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Putin’s Plan Part 3 – Moscow is playing its cards

With Angela Merkel, Putin’s tactic of using personal connections to strengthen Russia’s position in Europe no longer worked. When Merkel took office, she was concerned with Germany’s economic development and with keeping Europe together so that Germany remains stable. She seemed to have little time or interest in understanding Russia’s plans for Europe. But Russia had time to, conversely, understand the Chancellor’s plans.

Just months after Merkel took office, in January 2006, a dispute between Russia and Ukraine over gas prices led to a brief suspension of Russian supplies to Europe, including Germany. By cutting off energy supplies, Russia wanted to force Europeans to support Russian policies in Ukraine and reject Ukraine’s Orange Revolution. Instead, the incident sparked interest across the continent in diversifying energy supplies and reducing aggregate demand. The European Union adopted ambitious alternative energy and energy saving programs that also fueled Europe’s plans to curb greenhouse gases.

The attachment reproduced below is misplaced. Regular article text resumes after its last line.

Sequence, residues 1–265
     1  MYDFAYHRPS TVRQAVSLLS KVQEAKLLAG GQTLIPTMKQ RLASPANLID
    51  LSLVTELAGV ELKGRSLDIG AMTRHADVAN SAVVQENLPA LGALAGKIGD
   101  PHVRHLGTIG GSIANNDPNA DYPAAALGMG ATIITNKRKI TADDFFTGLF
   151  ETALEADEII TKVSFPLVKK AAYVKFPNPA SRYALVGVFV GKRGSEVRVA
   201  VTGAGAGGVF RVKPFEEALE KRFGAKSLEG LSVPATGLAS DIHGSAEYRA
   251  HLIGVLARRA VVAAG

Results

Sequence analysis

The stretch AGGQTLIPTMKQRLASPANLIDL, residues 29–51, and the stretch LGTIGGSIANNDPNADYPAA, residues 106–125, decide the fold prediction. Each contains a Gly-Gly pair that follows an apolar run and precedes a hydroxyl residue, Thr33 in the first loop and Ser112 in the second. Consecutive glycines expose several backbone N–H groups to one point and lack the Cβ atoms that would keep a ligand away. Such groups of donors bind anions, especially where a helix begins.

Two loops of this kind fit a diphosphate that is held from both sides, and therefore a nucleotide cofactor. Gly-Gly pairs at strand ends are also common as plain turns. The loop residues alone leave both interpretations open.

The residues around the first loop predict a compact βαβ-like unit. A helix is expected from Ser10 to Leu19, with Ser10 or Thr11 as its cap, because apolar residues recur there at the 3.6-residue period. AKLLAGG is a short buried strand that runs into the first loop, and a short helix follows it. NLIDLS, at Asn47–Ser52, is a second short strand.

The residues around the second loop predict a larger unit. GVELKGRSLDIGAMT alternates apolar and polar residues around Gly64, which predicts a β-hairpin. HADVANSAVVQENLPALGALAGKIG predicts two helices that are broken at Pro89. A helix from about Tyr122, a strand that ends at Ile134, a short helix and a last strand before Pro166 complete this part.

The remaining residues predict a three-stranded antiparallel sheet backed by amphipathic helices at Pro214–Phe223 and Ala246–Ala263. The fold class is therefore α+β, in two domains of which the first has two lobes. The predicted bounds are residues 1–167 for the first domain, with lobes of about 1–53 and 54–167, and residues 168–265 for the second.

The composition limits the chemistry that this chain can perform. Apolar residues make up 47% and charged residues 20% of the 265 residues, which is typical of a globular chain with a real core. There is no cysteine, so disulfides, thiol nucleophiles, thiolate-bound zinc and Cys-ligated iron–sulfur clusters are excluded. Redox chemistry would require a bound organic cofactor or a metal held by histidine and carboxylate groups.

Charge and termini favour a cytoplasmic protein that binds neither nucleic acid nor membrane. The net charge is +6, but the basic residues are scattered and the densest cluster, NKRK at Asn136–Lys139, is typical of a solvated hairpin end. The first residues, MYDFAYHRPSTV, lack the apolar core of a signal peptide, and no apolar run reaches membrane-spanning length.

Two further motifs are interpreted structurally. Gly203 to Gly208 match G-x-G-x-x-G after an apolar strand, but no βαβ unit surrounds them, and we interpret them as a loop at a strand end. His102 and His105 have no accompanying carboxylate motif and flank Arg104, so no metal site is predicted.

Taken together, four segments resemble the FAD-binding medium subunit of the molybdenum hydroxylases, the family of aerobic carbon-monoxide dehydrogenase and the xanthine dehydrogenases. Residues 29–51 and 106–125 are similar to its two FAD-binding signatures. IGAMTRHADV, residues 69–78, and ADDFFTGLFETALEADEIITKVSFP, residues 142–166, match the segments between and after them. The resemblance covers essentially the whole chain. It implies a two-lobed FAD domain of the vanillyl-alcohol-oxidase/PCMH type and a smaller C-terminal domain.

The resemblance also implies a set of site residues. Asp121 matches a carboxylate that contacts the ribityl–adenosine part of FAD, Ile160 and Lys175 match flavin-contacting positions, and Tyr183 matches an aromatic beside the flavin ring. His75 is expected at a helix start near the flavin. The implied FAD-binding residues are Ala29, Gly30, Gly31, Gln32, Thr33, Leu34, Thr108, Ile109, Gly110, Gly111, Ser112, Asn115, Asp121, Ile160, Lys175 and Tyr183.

Russian “help”

Europeans seemed determined to explore alternative sources of energy and reduce dependence on Russian gas and Russian pipelines through Ukraine. Suddenly, a pipeline project called Nabucco, which was proposed in the early 2000s and was supposed to bring gas from Azerbaijan, was intensely discussed in Brussels. It was to be routed through Turkey, Bulgaria, Romania and Hungary to the Austrian center of Central Europe.

Heeding European – and German – concerns, Russia also offered “help”: Moscow proposed two natural gas pipelines to divert the Ukrainian route: Nord Stream, which runs through the Baltic Sea from Saint Petersburg to Germany, and South Stream, which runs through the Black Sea should lead from the vicinity of Novorossiysk to Bulgaria.

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